Alison Berkley Margo: The Princess’s Palate | AspenTimes.com
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Alison Berkley Margo: The Princess’s Palate

Alison Berkley Margo
The Aspen Times
Aspen, CO, Colorado

“This is so not a walking town,” I told Ryan. “People do not walk in L.A. They drive.”

When I have no idea what I’m talking about, I do this thing where I become very emphatic that I know what I’m talking about.

“I’m pretty sure the restaurant is less than a half-mile from the hotel,” Ryan said.

“These are not walking shoes,” I said, pointing to my 6-inch platform Mary Jane clogs I just bought at Free People. They have wooden heels and make me feel all topsy-turvy like those Russian dolls that fit inside one another. “These are city shoes. Let’s just drive.”

We were in L.A. over X Games weekend because Ryan had his first business trip for his new job, and I decided to tag along.

The trip starts out great because we are on a direct flight out of Aspen, so the plane comes to our house to pick us up. All we have to do is walk across 82, and bam, we are in L.A. in less than two hours.

Listen, I am smart. I know how crazy driving in L.A. can be, so I made sure we got a GPS for our car. That way, we could just relax and enjoy and have nothing to worry about.

Or so I thought.

I love so many things about L.A.: the smell of jasmine and gardenia, the tall hedges and painted stucco houses and rooftop patios. I love that you can get healthy, fresh food just about anywhere and there is a yoga studio on every street corner and you can live your life in flip-flops, leggings and hoodies. I’m always amazed that a city of its size still has beautiful beaches and tree-lined streets and houses with front lawns. I figure as far as city life goes, I’ll take it.

This trip was a bit different.

Ryan had to be at a seminar in the Garment District from 9 a.m. to 5 p.m. each day. Despite my better judgment, I decided to drive him even though I knew it meant dealing with rush-hour traffic so I could keep the car.

I don’t know why they call it a freeway. They should call it what it is – a prison. I ended up spending almost four hours in the car that first day.

I must have merged onto 10 different freeways, all five lanes wide, all clogged with bumper-to-bumper traffic. I wondered where in the hell all these people were going. Where did they come from? How did we, as a society, get to the point where we’ve created such an elaborate, expensive, dysfunctional mess? After the two hours it took me to pick up Ryan and drive back to our hotel, my nerves were frayed.

That night we met my dear friend Ashley for dinner at Lucque’s, a French bistro on Melrose. Ryan wanted to walk. I wanted to drive.

“Ashley said she didn’t think walking around here would be that safe,” I said, reminding Ryan of the hooker and the strung-out dude we’d seen wandering around earlier.

“You girls are so sheltered it’s ridiculous,” Ryan said. Still, he agreed to drive to the restaurant.

“Turn right. Then right. Drive 100 feet, and turn right,” the GPS chirped.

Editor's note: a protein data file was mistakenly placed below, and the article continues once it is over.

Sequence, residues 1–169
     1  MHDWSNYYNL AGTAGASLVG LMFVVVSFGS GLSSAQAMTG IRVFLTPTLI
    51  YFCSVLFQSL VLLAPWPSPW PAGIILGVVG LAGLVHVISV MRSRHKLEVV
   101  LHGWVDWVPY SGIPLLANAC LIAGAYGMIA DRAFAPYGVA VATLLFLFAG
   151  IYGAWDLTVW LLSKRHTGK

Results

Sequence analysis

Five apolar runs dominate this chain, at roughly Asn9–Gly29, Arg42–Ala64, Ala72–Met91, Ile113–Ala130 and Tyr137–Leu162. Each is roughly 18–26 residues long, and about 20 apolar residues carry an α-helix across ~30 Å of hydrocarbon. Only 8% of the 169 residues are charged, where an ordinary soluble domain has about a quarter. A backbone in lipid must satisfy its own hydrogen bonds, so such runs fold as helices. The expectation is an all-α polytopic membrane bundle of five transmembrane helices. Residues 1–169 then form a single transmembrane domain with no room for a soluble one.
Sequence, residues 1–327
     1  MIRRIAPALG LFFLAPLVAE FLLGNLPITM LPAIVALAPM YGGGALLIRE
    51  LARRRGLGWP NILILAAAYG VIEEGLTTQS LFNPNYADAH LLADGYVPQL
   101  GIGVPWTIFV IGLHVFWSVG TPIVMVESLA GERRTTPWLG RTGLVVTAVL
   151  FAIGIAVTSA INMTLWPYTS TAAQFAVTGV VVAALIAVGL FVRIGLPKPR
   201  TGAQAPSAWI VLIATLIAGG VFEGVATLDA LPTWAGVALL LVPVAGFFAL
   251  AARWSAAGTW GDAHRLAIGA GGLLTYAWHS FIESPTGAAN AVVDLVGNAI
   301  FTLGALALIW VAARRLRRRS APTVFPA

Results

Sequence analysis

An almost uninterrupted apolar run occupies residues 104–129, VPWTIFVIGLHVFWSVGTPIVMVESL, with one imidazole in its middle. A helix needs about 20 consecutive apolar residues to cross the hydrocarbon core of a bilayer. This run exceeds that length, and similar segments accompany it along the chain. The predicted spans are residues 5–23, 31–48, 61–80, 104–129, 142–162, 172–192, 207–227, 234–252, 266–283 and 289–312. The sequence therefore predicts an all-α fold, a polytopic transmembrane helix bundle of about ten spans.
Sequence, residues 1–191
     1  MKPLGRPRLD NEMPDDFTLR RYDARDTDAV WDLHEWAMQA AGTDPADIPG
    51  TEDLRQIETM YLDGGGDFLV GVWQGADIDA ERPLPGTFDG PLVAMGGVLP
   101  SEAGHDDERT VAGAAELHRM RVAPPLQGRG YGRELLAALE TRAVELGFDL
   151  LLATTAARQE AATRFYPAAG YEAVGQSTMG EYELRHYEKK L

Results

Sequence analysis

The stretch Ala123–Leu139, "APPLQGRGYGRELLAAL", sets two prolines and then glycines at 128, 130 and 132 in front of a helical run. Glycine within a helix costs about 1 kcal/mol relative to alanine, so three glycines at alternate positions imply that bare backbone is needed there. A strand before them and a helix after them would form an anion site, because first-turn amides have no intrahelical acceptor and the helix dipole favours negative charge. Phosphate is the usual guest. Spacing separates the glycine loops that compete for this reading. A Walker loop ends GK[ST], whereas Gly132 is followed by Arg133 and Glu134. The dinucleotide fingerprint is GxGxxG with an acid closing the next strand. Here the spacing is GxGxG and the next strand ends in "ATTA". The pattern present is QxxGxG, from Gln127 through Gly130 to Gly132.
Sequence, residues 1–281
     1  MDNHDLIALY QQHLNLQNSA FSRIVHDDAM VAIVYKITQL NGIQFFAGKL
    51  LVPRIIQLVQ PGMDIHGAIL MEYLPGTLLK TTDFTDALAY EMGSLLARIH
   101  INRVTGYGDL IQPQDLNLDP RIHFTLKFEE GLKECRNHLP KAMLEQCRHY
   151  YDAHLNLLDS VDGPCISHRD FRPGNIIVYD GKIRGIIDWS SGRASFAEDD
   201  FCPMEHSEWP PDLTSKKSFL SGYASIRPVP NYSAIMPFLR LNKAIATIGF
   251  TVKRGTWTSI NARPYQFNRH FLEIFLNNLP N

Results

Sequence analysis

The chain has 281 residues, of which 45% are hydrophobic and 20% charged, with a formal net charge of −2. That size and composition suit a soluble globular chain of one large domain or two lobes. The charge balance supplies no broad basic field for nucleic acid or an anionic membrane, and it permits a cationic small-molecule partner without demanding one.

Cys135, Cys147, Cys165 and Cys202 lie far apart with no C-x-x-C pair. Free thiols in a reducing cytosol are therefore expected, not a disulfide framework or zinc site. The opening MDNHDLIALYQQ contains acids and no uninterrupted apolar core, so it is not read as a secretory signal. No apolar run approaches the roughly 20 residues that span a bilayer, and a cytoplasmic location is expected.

Frustrated with going in circles, Ryan busted a ballsy left turn across two lanes of oncoming traffic. Now, as some of you know, I have no depth perception on account of being born with a lazy eye. I was so sure those cars were going to slam into us. I screamed so loud my throat hurt for two hours after that.

“Jesus Christ! Shut up!” Ryan yelled. If I looked carefully and squinted a little, I could see the steam coming out of his ears.

I am lucky I found that man and he agreed to marry me because driving with me in the passenger’s seat is no picnic, even when we aren’t in L.A. I just looked out the window and stayed real quiet after that.

“Drive. Point. Three. Miles. And arrive. At destination,” the GPS said.

We were so paranoid we wouldn’t be able to find a parking spot we pulled over and took the first open space we saw, even though we were still like 20 blocks away from the restaurant.

“Isn’t that our hotel up there on that hill?” Ryan asked as I hobbled down the sidewalk in my too-tall shoes.

This is when I really played up the whole I’m-blind-in-one-eye card. “I can’t see that far,” I said, even though I knew he was right. The GPS had sent us in a big circle.

The next day I let him take the car and I explored the area – on foot. It turned out we were just a few blocks off Robertson and the most heavenly shopping a shopaholic could ever imagine. I skipped down the street with glee, with my new sunglasses and freshly painted toenails and expertly shaped eyebrows, arms full of bags splashed with all my favorite labels.

We walked to dinner that night, to Everleigh on Sunset, a hot spot touted for its spectacular patio views and frequent celebrity sightings.

No one told us they’d encased the patio under a tent with heaters everywhere on account of thin-skinned Angelinos who think 65 degrees at night is cold. The closest thing to a celebrity we saw was the bitchy guy at the bar who claimed he was a screenwriter. The place was filled with Hollywood hipsters who seem to confuse trend with fashion, so they all look exactly the same, like clones.

The best part of the evening was the walk home when Ryan said, “It actually does smell really good here.”

I can’t really blame it all on L.A. – I’ve spent my life going in circles. It’s just that now, I’ve found someone who can stand by my side and never get dizzy.


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